- Global economic data weakness and dovish policy shifts by the US Federal Reserve (Fed), the European Central Bank (ECB), and other major central banks drove market results
- Most global sovereign yields fell sharply over the period amid a combination of dovish policy developments from major central banks and weaker global economic data. Australian and New Zealand yields were weighed down by softer-than-expected fourth quarter GDP growth and central bank rate expectations.
- The US dollar (USD) appreciated against most major currencies, supported by dovish central banks and soggy economic data across major economies, despite weakness in US data. The British pound was the worst-performing G10 currency versus the USD, weighed down by Brexit developments. The Japanese yen (JPY) was the best-performing G10 currency amid broader weakness and uncertainty on the US-China trade front. The pivot toward a more dovish policy stance by the ECB, Bank of Canada, and the Reserve Bank of New Zealand (RBNZ) pushed their respective currencies lower versus the greenback.
- Hartford World Bond Fund’s performance was positive over the month with global government core strategies and opportunistic sources of return contributing
- In global government core rates, our exposures to select dollar bloc economies contributed as yields were weighed down by weaker economic data and dovish central bank rhetoric
- In core currency, our non-USD exposure detracted as the USD rallied versus most major currencies over the month
- Macro-driven duration1 strategies were marginally positive. Our overweight positions in Australia, New Zealand, and Canada contributed. Australian and New Zealand yields were weighed down by softer-than-expected 4Q GDP growth and central-bank rate expectations. Specifically, the RBNZ made an assessment that the next rate move was more likely to be down. Partially offsetting performance was our underweight to US duration as the Fed surprised the market with a marked shift in the Fed funds projections: no hikes this year and just one in 2020.
- Macro-driven currency strategies were positive. Our overweight to the JPY versus the euro (EUR) contributed. The JPY was the best performing G10 currency amid uncertainty on the US-China trade front and weaker than expected data across major economies. Meanwhile, a dovish policy announcement from the ECB and signs of continued weakness in Eurozone manufacturing saw the EUR fall.
- Within opportunistic sources, emerging market (EM) strategies contributed to total returns
Expenses as shown in the Fund’s most recent prospectus. Gross expenses do not reflect contractual fee waivers or expense reimbursement arrangements. Net expenses reflect such arrangements only with respect to Class Y. These arrangements remain in effect until 2/29/20 unless the Fund’s Board of Directors approves an earlier termination.
Performance data quoted represents past performance and does not guarantee future results. The investment return and principal value of the investment will fluctuate so that investors' shares, when redeemed, may be worth more or less than their original cost. Current performance may be lower or higher than the performance data quoted.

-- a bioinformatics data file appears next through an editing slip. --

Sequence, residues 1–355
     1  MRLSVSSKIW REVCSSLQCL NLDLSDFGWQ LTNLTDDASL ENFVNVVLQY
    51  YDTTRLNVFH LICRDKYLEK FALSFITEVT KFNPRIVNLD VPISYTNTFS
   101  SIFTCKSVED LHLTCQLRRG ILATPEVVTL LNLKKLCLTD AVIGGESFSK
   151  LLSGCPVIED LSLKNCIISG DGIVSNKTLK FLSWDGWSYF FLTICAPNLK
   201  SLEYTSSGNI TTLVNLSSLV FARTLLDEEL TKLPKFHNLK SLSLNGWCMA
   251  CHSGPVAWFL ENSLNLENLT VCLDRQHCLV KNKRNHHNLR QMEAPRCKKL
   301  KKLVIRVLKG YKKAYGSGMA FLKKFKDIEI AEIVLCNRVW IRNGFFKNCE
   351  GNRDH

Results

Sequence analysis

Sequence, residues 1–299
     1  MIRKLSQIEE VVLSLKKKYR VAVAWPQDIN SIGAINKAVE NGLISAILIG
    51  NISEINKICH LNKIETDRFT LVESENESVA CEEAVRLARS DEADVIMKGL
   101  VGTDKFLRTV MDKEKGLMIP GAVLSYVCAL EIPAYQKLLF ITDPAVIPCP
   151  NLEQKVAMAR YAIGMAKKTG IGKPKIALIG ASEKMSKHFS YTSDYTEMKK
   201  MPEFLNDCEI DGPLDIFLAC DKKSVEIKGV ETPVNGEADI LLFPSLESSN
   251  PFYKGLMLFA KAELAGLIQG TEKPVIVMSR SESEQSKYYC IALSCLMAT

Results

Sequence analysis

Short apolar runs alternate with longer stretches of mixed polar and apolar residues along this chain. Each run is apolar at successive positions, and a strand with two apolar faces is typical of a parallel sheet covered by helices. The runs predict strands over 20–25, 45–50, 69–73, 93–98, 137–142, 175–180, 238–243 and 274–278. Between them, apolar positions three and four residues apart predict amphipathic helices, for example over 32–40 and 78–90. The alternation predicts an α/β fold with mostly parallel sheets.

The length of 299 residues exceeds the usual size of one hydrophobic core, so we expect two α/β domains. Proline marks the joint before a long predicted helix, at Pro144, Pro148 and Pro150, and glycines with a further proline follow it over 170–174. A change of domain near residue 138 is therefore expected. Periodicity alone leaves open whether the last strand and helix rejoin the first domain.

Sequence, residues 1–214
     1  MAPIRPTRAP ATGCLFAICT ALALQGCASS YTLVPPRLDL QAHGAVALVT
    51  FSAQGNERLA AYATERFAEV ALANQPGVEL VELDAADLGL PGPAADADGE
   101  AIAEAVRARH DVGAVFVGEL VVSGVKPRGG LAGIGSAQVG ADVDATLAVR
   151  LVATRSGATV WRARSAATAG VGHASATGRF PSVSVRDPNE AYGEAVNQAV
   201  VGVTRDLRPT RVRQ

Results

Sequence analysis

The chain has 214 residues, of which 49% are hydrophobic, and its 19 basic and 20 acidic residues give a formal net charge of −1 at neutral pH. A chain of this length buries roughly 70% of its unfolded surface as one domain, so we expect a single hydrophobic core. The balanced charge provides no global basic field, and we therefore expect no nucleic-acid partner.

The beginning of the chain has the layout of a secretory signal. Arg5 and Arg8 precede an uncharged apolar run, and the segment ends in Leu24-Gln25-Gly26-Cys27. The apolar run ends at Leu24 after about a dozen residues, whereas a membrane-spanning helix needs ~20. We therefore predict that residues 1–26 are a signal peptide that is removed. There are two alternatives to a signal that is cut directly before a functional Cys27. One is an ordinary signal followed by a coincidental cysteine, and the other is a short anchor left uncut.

Share Class Inception: I, Y – 5/31/11; F – 2/28/17
Performance shown prior to the inception of a class reflects performance and operating expenses of another class(es) (excluding sales charges, if applicable). Had fees and expenses of a class been reflected for the periods prior to the inception of that class, performance would be different. Since inception (SI) performance is from 5/31/11. Performance and expenses for other share classes will vary. Additional information is in the prospectus. Performance and expenses for other share classes will vary. Additional information is in the prospectus.
Portfolio Positioning & Market Outlook
- Portfolio duration increased to 3.44 years at month-end, largely due to the increase in our strategic market exposures
- In core currency, we modestly increased our non-USD exposure as we continue to retain a moderately positive outlook on the JPY as a hedge against a global growth slowdown, trade war risks, and a dovish Fed
- In opportunistic macro-duration strategies, we are tactically trading duration given global growth is slowing. However, there are encouraging signs of stabilization in China. Additionally, the Fed is likely to delay policy rate hikes and signal a higher tolerance for overshooting its inflation target, therefore, we have a steepening bias in the US.
- In opportunistic currency strategies, we are tactically trading the USD as a dovish Fed suggests a weaker dollar. But, downside growth surprises and dovish policy developments elsewhere should be supportive of the USD.
Currency Exposure (%)
|As of 3/31/19||Fund||Benchmark2|
|South African Rand||-0.45||0.45|